Cale felt raw and exposed, checked over his shoulder as he waited for the door of his hive to open. Rioters had shattered the windows, but, with nothing to steal, had left the building alone. Looters combed the area and soon enough they’d descend on this place, then the Officers would have no safe haven.
The passage slid open and, with his belongings strapped to his back, he descended into the hive’s fluorescent glow.
He found more than two dozen Officers tucked away, lost in feverish shouting. They didn’t notice him as he approached. He tried to spot the men he’d sent to patrol the docks, but didn’t recognize any of them.
“There are rioters out there! We shouldn’t be down here holding our cocks while they take over the fucking city!” one of the Officers shouted at another.
“There are hundreds of them. What good would it do for us to go out there and get killed? Answer me that, Spencer.” The other Officer spoke in a smooth tone, devoid of any emotion.
By contrast, Spencer looked maniacal. His hair had lost its slicked back appearance and came down in loose spikes. “If we stay down here, it won’t be safe to leave! Do we have any supplies stockpiled for this? We don’t have a thing. So we cower and starve? Great plan.”
Cale stepped up through the crowd. “We can’t stay down here. The rioters have already broken the windows above. How long before they’ll find us and kill everyone? We’ll do much better fanned out.”
Both of them turned, ready to direct their fury on him, but he continued, “I’m not suggesting that we try to take them down by ourselves, but if we’re all clumped together, it’s that much easier to wipe us all out.
“We need to get out immediately. The people around here aren’t idiots. Anyone with a lick of sense knows exactly where our hideouts are. I’m sure the other hives are in the same boat. We’ve got a little less than two days before the next round of shipments come in. If we can hold out that long, we’ll have a ticket out of here.”
“If they show up at all,” someone interjected.
“Two days. That’s all I’m asking.”
A murmur spread through the Officers. Cale couldn’t smile, even if he wanted to, but at least he’d won some of them over. He turned to speak again when a high-pitched wail hit the air.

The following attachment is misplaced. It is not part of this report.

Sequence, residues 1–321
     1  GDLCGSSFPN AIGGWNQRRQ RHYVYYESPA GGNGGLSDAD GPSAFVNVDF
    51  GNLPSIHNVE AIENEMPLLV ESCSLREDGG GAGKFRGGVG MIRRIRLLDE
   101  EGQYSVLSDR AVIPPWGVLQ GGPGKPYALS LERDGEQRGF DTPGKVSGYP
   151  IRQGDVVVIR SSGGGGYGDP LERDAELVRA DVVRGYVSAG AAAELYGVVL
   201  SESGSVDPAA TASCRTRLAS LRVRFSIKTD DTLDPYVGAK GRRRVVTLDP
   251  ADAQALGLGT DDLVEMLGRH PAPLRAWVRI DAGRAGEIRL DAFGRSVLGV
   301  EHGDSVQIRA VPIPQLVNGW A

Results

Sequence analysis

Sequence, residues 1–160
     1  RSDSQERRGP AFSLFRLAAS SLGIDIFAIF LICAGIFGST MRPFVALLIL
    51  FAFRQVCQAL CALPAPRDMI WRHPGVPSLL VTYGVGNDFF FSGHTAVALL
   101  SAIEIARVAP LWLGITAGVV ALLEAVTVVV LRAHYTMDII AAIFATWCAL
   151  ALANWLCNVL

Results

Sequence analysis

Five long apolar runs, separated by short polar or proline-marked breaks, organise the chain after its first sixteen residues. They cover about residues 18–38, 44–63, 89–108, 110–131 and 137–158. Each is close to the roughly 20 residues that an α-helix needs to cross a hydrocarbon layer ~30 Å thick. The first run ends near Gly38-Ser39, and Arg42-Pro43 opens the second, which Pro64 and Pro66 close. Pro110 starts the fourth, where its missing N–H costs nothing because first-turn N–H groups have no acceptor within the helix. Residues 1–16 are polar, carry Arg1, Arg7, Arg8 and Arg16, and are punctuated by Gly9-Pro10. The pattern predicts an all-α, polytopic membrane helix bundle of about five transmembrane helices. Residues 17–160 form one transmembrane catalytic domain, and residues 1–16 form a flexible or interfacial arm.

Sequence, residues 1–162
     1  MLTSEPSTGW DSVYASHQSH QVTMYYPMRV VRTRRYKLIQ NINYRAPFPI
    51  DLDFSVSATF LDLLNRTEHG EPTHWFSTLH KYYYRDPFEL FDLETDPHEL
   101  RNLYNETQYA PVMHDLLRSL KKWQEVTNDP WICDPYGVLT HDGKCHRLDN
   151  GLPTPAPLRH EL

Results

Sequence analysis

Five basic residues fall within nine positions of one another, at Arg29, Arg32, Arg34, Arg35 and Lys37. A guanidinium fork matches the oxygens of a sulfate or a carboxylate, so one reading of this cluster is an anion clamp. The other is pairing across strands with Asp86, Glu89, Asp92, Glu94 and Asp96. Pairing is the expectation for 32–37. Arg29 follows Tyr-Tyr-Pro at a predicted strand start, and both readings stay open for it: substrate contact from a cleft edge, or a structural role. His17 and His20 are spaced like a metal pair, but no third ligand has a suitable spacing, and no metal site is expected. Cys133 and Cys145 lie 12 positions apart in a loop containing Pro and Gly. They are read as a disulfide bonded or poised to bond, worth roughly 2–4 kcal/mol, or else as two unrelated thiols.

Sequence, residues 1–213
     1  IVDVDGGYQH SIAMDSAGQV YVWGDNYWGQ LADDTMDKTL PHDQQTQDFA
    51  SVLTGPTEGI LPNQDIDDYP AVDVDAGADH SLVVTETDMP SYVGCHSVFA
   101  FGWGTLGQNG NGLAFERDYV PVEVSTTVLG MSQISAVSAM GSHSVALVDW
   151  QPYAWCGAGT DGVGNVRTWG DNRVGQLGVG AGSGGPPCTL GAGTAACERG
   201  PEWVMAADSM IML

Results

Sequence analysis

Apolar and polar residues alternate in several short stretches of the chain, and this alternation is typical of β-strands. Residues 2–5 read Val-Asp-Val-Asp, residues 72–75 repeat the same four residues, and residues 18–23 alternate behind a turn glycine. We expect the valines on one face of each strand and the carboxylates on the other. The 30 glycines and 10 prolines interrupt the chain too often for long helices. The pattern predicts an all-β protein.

It came low at first, travelling through the room in suggestive tones, then rose into a feverish howl.
“The fuck?” Spencer backed into the wall.
The moaning blotted out any other words as it warbled, sounding like thousands of children crying at once. It reverberated through the space. Cale’s chest tightened and he struggled to breathe.
Then it stopped.
In the prevailing silence, the phantom keening played over in his mind. The anguished faces of the Officers told him they had heard the same thing. Cale went to speak, but his words choked off into a sob.
The switchboard lit up, first two, then five, then the whole thing blazed. One of the Officers, moving more by reflex than anything else, connected a line.
Sobbing came from the headset, muffled but recognizable.
The color drained from the Officer. He stared numbly. His fingers worked as if distracted and he fumbled with the connection as he severed the line, moved to the next. Another fevered voice. He repeated this multiple times before finally letting the connection go silent.
Cale forced himself to regain control, wiping away the tears. Voice cracking, he managed, “What’s happened?”
The Officer, the phone pressed against his head, said in a dull tone, “The children, they’ve all collapsed. They’re dying all over the city, sir.”
Several Officers went to the desk phones, desperately dialing. Cale straightened. “We’ve got two days. I think they’re still people that need our help. Those without families, start answering calls. If it gets too much, we could always use you on the streets. We need to go to the hives, let them know what we’re doing.”
As he moved toward the exit, one of the Officers called after him. “Headed to the docks, Edmonds?”
Without turning, Cale said, “You heard it, same as me. There’s no one to protect anymore. I’m going to check on Terach.”